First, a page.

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Report: Scientists can now control lightning with lasers
Photo by Gary Hershorn/Getty Images

Report: Scientists can now control lightning with lasers

Humanity now boasts the ability once attributed to mythological gods such as Zeus, Marduk, and Thor.

Scientists atop a Swiss mountain proved themselves capable of steering lightning bolts using lasers, effectively deflecting four lightning strikes on a telecommunications tower.

While this field of research has been active for decades, physicist Aurélien Houard of the École Polytechnique and his team documented the first experiment that demonstrates the efficacy of lightning guidance using lasers.

Where there's thunder, there may be lasers

In a study published Monday in the academic journal Nature Photonics, researchers discussed how laser-induced beams of light, formed in the sky via intense and repeated laser pulses, can guide lightning bolts over considerable distances.

The scientists experimented on the Säntis mountain in northeastern Switzerland during the summer of 2021 with a "high-repetition-rate terawatt laser."

They set up this 1.5 meter by 8 meter laser, weighing in at over three tons, nearby a telecommunication tower that is struck by lightning over 100 times a year.

The scientists activated their laser as a lightning rod "with a propagation path passing in the vicinity of the top of the [telecommunication] tower" during thunderstorms, as seen here:

The telecommunication tower, itself equipped with a lightning rod, was struck by 16 lightning bolts between July 21 and Sept. 30, 2021. Only four of these strikes occurred during the 6.3 hours the scientists had their laser operational and targeting the thunderclouds above.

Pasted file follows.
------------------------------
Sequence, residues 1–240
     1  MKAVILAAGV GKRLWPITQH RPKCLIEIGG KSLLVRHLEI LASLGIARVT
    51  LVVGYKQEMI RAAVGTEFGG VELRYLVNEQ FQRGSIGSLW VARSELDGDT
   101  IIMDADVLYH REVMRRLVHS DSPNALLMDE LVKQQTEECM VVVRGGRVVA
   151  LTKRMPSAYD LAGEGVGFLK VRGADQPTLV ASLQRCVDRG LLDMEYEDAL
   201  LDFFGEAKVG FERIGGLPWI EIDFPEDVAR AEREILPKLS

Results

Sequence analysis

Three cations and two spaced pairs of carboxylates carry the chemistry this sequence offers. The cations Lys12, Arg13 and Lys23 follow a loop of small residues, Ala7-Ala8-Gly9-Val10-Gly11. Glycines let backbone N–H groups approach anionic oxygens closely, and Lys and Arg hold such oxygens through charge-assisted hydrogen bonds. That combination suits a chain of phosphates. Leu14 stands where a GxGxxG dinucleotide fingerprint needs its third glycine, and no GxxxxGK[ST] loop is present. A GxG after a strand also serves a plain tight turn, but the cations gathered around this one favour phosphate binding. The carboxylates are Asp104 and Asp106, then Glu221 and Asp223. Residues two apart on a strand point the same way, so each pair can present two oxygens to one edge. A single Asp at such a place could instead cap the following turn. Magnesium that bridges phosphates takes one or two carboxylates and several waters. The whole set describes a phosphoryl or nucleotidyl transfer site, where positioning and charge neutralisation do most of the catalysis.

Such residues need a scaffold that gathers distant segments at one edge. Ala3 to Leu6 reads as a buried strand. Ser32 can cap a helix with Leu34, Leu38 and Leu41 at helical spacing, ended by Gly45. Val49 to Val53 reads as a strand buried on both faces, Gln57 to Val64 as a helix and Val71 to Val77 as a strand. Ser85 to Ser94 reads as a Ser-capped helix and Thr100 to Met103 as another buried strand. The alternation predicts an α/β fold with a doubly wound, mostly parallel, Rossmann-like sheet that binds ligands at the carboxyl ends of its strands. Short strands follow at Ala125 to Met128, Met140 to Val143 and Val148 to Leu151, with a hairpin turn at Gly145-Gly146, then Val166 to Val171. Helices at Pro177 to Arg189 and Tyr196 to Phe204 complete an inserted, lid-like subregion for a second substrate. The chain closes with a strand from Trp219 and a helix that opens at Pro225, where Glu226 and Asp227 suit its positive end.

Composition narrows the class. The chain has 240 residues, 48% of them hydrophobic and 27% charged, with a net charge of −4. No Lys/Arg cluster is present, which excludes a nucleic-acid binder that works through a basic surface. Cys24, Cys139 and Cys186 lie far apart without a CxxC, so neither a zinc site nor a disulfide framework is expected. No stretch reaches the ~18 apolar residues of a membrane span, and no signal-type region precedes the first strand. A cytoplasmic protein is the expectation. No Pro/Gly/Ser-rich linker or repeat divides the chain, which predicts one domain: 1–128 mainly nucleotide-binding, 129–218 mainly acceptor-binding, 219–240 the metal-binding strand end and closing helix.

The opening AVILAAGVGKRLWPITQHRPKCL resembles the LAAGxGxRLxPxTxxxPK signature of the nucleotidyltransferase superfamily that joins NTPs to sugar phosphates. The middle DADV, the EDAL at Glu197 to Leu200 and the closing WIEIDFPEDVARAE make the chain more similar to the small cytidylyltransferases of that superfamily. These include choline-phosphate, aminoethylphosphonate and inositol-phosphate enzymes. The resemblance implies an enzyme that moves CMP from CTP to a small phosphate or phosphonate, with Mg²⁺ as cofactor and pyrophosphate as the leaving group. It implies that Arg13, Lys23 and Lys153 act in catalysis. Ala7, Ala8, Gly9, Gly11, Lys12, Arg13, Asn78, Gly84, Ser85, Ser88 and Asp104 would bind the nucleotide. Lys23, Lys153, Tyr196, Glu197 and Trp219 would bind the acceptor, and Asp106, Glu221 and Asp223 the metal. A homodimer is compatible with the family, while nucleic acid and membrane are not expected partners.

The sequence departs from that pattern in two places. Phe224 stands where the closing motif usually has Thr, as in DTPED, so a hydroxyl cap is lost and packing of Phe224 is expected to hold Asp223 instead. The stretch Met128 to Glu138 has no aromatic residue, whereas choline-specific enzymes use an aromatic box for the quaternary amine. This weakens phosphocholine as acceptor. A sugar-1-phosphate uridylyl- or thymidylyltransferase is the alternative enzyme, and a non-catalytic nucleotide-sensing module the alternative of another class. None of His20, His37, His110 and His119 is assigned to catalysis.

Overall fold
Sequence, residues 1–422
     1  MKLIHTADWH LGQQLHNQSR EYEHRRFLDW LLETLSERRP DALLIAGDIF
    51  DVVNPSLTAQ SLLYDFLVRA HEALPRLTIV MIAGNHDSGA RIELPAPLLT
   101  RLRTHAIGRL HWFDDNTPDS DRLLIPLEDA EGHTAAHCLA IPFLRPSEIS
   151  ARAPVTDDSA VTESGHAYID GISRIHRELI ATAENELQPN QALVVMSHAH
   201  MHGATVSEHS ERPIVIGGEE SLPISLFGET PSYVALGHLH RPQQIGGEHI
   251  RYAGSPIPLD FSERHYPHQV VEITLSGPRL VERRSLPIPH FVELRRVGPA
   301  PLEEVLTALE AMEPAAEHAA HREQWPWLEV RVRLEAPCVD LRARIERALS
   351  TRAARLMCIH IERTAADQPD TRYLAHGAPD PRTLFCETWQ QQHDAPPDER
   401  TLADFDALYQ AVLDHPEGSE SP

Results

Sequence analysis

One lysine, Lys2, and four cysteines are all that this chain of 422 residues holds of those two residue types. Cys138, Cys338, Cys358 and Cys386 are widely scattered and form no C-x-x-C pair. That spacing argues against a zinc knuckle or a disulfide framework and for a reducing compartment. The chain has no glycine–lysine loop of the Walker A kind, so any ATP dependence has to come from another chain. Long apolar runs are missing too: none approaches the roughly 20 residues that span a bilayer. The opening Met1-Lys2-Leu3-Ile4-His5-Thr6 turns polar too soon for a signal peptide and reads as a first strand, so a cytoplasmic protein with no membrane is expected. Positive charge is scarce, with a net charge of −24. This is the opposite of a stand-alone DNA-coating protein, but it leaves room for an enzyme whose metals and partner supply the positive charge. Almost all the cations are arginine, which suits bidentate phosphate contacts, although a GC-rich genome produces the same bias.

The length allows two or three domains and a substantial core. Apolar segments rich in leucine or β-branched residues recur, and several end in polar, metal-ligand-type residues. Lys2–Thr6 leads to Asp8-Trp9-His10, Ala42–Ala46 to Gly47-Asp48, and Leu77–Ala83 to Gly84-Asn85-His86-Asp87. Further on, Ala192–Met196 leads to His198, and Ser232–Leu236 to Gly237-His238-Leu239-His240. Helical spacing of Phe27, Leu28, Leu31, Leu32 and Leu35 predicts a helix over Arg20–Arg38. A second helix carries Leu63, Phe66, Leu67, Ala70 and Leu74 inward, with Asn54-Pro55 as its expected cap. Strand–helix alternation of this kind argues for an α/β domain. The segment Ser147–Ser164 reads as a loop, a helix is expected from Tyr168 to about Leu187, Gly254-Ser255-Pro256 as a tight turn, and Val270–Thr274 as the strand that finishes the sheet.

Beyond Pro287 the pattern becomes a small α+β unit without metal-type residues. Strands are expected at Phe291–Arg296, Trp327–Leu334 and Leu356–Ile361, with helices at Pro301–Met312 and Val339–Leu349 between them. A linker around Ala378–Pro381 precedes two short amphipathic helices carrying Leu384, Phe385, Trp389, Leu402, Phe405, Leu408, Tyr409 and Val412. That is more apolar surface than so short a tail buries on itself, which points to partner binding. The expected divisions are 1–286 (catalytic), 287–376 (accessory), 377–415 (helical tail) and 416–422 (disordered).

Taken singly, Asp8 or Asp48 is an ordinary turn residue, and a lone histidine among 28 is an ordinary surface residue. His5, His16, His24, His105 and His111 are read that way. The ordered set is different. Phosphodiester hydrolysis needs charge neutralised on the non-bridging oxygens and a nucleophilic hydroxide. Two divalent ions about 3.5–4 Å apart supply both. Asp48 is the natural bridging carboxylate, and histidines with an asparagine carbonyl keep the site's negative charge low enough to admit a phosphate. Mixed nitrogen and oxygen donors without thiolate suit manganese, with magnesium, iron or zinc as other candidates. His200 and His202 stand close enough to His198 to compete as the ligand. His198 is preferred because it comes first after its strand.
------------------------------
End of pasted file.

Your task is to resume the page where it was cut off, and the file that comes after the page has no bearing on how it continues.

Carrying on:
In all four cases, the laser reportedly steered the lightning discharges.

According to the Guardian, the laser steers the lightning flashes by "creating an easier path for the electrical discharge to flow along."

"When very high power laser pulses are emitted into the atmosphere, filaments of very intense light form inside the beam," Jean-Pierre Wolf, one of the study's authors, told Sky News. "These filaments ionise nitrogen and oxygen molecules in the air, which release electrons that are free to move. This ionised air, called plasma, becomes an electrical conductor."

The scientists indicated that snapshots of one of the events showed "that the lightning strike initially follows the laser path over most of the initial 50 m distance."

According to the study, this achievement "will lead to progress in lightning protection and lightning physics."

The Hill reported that there were nearly 198 million lighting events in the U.S. in 2022, which altogether claimed the lives of 19 people. The ability to divert and/or steer lightning could therefore be lifesaving.

"This work paves the way for new atmospheric applications of ultrashort lasers and represents an important step forward in the development of a laser based lightning protection for airports, launchpads or large infrastructures," wrote the researchers.

Whereas the "laser conditions" in this experiment had a length of at least 30 meters, Sky News noted that future devices could extend a ten-meter lightning rod by 500 meters, offering far more protection.

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Joseph MacKinnon

Joseph MacKinnon

Joseph MacKinnon is a staff writer for Blaze News.
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